As the iconic HBO original series Sex and the City turns 19 years old this week, I thought I’d look back on how television has shaped our millennial culture, the television shows that have inspired my life, and how we’re in a new golden age of television once again. Photo of me on a Carrie Bradshaw-inspired stoop in Victoria by my friend Rukaya Cesar.
I fucking love Sex and the City. I first discovered it when I was about 13 years old and felt a desire to go through as many cliched homosexual things that I could and SATC popped up. I got over that phase pretty quickly, but my undying love for the show I didn’t: SJP’s effortless glamour; the kind of open discussion that the girls had with each other; the introspective thoughts that Carrie Bradshaw shared with the world. Everything about that show was something I loved and have continued to love and rewatch in the years that have followed.
There are so many other television shows that I have loved as well that have helped to shape me as a person. It’s no big secret that Glee is the television show that shaped me most as a young teenager. Discovering the show when I was just 10 years old – several years younger than the characters on the show – the people that Ryan Murphy created acted as a survival guide for how to function as a theatre-obsessed, self-diagnosed dork of a child. The characters and their discoveries on the show helped me to come out of my shell and do a total U-turn on some of my characteristics, changing me for the better. In many ways, I have the show to thank for how it shaped me as a young teen and for always reminding me that there is more to life than this.
As much as I’ve grown to dislike it in years that have gone by, Friends is a show that I think most people can relate to as having been “transformative” for them, in one way or another. In a similar way to what I found with Glee, everyone who has seen the show has found themselves relating to a character. In this case, thinking they are a Monica, shortly followed by realising that they simply wish that they were a Monica, but are – disappointingly – a total Rachel. Each character on that show was incredibly unique in their own special way, but they were all also extremely normal, blundering through life like everyone who watches the show. And that’s why it’s so relatable for everybody: because they can see themselves in the characters.
And it’s becoming more and more apparent as time goes on that as millenials, we love nothing more than being told what to do by mirroring a TV character’s life story. Another one of my favourite shows of all time – Girls by Lena Dunham – bases its entire premise on the idea of being painfully relatable and, if it isn’t for whatever reason, being relatable enough for you to think “oh, I could totally see myself doing that”. And that’s why we love it! We have grown to love characters like Hanna from Girls, or Issa in Awkward Black Girl, or even Cassie in Skins because we are those characters deep down.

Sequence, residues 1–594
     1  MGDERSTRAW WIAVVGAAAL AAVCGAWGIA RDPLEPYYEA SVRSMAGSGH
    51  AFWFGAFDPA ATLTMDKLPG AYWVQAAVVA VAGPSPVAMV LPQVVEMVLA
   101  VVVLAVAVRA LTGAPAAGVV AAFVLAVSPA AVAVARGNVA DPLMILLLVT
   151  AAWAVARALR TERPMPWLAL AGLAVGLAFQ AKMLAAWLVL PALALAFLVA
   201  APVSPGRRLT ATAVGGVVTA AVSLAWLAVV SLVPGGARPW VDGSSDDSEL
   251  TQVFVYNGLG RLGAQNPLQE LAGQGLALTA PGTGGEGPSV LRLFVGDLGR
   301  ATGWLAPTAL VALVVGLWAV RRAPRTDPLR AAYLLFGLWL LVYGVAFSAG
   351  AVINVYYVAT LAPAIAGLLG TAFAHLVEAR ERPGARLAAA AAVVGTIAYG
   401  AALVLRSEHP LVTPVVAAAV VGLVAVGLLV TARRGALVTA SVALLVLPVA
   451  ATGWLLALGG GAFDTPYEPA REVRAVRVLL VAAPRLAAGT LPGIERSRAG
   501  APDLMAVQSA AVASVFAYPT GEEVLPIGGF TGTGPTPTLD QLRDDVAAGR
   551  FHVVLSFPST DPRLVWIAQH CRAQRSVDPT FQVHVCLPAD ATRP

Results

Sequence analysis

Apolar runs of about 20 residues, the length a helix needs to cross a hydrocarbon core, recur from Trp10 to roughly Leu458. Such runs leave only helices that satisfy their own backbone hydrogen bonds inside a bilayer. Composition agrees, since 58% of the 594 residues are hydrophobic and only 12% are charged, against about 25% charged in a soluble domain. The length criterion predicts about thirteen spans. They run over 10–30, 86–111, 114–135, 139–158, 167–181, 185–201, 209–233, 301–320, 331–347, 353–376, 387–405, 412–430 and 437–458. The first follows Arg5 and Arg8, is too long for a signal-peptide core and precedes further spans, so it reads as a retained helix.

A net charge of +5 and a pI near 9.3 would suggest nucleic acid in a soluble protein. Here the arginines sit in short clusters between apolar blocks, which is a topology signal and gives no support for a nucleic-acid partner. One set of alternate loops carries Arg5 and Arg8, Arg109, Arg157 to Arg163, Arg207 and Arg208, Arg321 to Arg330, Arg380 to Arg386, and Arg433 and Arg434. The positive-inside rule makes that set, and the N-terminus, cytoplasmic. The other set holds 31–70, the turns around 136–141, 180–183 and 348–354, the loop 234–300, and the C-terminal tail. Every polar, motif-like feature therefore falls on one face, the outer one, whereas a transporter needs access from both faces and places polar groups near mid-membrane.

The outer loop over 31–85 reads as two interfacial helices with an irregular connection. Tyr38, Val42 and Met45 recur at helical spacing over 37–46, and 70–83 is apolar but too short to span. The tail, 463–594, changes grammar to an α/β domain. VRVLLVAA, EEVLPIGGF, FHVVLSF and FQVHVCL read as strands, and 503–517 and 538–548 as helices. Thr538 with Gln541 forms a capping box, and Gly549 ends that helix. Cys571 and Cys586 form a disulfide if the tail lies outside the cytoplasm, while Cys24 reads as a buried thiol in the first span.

This desire has even spread into the insane revival business that Hollywood is currently booming with; they’re now sifting through shows that did this a decade or so ago and are rebooting them for the younger people of my generation to see again. An example is ABC’s revival of Will and Grace, the hit Debra Messing-led comedy series that also starred the likes of Megan Mullaly and Sean Hayes, which, in my honest opinion, is basically a more enjoyable version of Friends. ABC are also creating a rebooted American version of Misfits – the supernatural little sister of Skins – for even more young people to relate to.
But what does this say about us as millenials if we like to see this kind of stuff? Our parents had nothing like Girls when they were younger – and I say that with very little emphasis.
It’s in our culture to be spoon-fed information and that’s undeniable. We don’t even know a world without Google for Pete’s sake! The one thing we want to have as young people is security and to know that we’re doing things correctly so we can achieve some sort of success, be it emotional or financial – or whatever else you can succeed at. And that is exactly what these shows provide us with as people of our age: a snapshot of how life could work for you, so you know that you at least have some sort of a shot at this.
19 years ago, Sex and the City was one of the first shows to do this and HBO has been creating shows like it ever since. For people at the older end of the millenial spectrum, Sex and the City was their version of Girls and there will surely be another, more risque version of that show to come in the next five years for the final round of millenials younger than me. Generation Y feeds off of this golden age for relatable television and will do so for some time to come and I for one am totally here for it.
Now if you don’t mind me, I’m going to go and slip into my tutu, slide on my Manolo Blahnik’s, make myself a Cosmopolitan and pop in my Sex and the City DVDs. While the show might still not be entirely relatable right now, surely I can dream?